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EU strengthens R&D ties with Egypt

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The RDI programme, which has already been injected with EUR 11 million in EU support, launched the event under the patronage of Egyptian Prime Minister Ahmed Nazif, the Daily News Egypt reported. The event also hosted the Euro-Mediterranean Innovation and Research Forum as well as the Euro-Mediterranean Innovation Exhibition.

'Innovation is key to recovery and to building [a] more sustainable economy and society after the crisis,' Mr Franco was quoted as telling members of the event, held between 26 and 28 January. The Euro-Mediterranean Innovation Marketplace is a communications platform and an information hub for researchers, inventors, academia and industry.

Said RDI coordinator Abdelhamid El-Zoheiry: 'With more than 200 exhibitors and 50 speakers representing diverse organisations from about 18 European and Mediterranean countries, the Euro-Mediterranean Innovation Marketplace offers a valuable platform for major science and innovation players to meet, network and further develop business ideas, projects and partnerships.'

For his part, Egyptian Minister of Higher Education and Scientific Research Hany Mahfouz Helal said: 'The Euro-Mediterranean Innovation Marketplace complements the strategy of the ministry to foster the culture of innovation in Egypt and strengthen cooperation channels with European and Mediterranean counterparts from both research and business sectors.'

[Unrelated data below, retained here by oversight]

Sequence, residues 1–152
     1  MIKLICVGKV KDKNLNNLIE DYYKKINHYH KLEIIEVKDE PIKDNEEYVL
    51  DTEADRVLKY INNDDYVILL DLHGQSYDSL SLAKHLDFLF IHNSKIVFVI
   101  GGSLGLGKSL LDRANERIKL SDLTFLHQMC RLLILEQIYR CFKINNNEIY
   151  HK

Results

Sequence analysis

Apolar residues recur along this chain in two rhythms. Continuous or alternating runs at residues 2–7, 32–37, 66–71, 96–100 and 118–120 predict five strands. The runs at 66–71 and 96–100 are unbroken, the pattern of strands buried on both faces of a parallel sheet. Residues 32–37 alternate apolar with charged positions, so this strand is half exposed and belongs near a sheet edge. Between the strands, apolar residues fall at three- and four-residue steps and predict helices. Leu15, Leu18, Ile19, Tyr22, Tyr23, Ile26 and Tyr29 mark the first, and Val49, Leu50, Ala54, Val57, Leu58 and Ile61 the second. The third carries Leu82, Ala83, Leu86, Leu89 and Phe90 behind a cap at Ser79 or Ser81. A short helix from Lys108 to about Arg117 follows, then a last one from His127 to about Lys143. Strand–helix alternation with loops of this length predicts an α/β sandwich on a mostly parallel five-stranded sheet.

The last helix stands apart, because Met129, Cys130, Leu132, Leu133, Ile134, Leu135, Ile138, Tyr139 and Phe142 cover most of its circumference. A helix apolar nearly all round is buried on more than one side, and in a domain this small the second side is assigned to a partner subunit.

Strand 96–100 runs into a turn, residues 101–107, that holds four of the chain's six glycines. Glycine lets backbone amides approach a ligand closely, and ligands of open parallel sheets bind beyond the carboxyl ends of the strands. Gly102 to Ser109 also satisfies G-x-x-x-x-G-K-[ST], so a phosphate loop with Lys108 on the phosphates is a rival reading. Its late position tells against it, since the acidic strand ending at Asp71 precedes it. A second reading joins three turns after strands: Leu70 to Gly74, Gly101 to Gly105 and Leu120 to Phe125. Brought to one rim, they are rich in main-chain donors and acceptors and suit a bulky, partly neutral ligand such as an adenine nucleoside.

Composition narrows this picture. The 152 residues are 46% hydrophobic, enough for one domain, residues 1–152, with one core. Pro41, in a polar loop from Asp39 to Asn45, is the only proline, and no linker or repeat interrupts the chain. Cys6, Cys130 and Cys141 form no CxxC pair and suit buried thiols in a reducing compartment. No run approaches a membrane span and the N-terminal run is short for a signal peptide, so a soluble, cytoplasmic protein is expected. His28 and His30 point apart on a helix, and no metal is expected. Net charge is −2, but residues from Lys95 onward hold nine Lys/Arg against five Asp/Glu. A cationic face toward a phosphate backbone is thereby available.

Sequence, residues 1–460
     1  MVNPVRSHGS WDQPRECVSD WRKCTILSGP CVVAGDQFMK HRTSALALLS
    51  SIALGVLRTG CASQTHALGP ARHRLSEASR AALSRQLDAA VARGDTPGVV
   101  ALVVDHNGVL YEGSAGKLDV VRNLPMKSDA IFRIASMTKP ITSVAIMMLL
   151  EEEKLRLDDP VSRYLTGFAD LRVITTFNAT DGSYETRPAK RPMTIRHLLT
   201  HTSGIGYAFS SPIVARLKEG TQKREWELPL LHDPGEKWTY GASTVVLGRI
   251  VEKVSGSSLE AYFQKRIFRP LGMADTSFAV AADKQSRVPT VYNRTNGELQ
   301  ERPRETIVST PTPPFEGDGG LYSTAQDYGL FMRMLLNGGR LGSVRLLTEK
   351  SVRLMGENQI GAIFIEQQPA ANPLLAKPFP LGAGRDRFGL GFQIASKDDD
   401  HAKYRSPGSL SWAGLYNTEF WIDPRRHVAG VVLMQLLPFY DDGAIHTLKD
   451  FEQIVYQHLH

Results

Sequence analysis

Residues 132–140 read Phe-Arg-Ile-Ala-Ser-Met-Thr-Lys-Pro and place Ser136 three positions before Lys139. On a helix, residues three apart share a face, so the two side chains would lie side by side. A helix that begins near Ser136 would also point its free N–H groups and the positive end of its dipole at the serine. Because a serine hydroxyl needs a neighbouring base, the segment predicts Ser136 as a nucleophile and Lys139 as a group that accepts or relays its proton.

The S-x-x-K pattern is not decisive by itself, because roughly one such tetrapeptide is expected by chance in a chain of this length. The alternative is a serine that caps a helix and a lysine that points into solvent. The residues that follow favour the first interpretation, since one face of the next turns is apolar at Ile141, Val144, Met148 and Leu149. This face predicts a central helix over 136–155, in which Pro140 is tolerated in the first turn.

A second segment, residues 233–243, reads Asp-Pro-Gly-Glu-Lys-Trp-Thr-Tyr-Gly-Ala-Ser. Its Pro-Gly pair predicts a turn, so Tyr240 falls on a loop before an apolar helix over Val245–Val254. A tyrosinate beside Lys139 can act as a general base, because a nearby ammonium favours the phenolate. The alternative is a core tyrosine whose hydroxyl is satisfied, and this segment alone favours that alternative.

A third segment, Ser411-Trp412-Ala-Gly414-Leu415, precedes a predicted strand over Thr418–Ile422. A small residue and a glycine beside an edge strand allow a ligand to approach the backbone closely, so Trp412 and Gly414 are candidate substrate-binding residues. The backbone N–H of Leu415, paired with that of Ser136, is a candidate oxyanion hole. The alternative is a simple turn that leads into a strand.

A professor of mineralogy from Cairo University, Dr Helal and his ministry oversee the management of the RDI programme and its funds.

However, despite the country's willingness to boost regional innovation, local innovators face a number of challenges in bringing their ideas to fruition.

'We have a patent, but it's local,' explained inventors Tarek El-Bagory and Mohamed El-Sayed. 'The guarantee for this patent is only in Egypt, not international, like in America.' The investors presented a new testing station for national gas pipelines at the event. Their biggest concern is not to disclose a great deal of information about their invention when it is presented in papers so as to ensure that no one pinches their idea.

Egyptian inventors also have to put up with a lack of management training. 'In our faculty we study about business engineering and management, but nothing specific for inventions,' they remarked. 'We need training in invention marketing.'

Professor Bahaa Shawky of the National Research Center in Egypt commented that the government should be more instrumental in searching for and supporting ideas. He invented a solution that facilitates that release of biomass energy from cellulose-rich plants, a process that fuels clean renewable energy development.

'We should start a pilot plant which needs only half a million Egyptian pounds. I am waiting for these funds,' Professor Shawky said. 'I am a scientist; that means that I am in my lab. All this [research] is on the Internet.'

Officials note that thanks to the EU's Seventh Framework Programme (FP7), which has a EUR 53 billion budget over a period of 7 years, government in Egypt will have more opportunities to obtain money for research. For more information, please visit:

Euro-Mediterranean Innovation Marketplace

Source: Community R&D Information Service (CORDIS)


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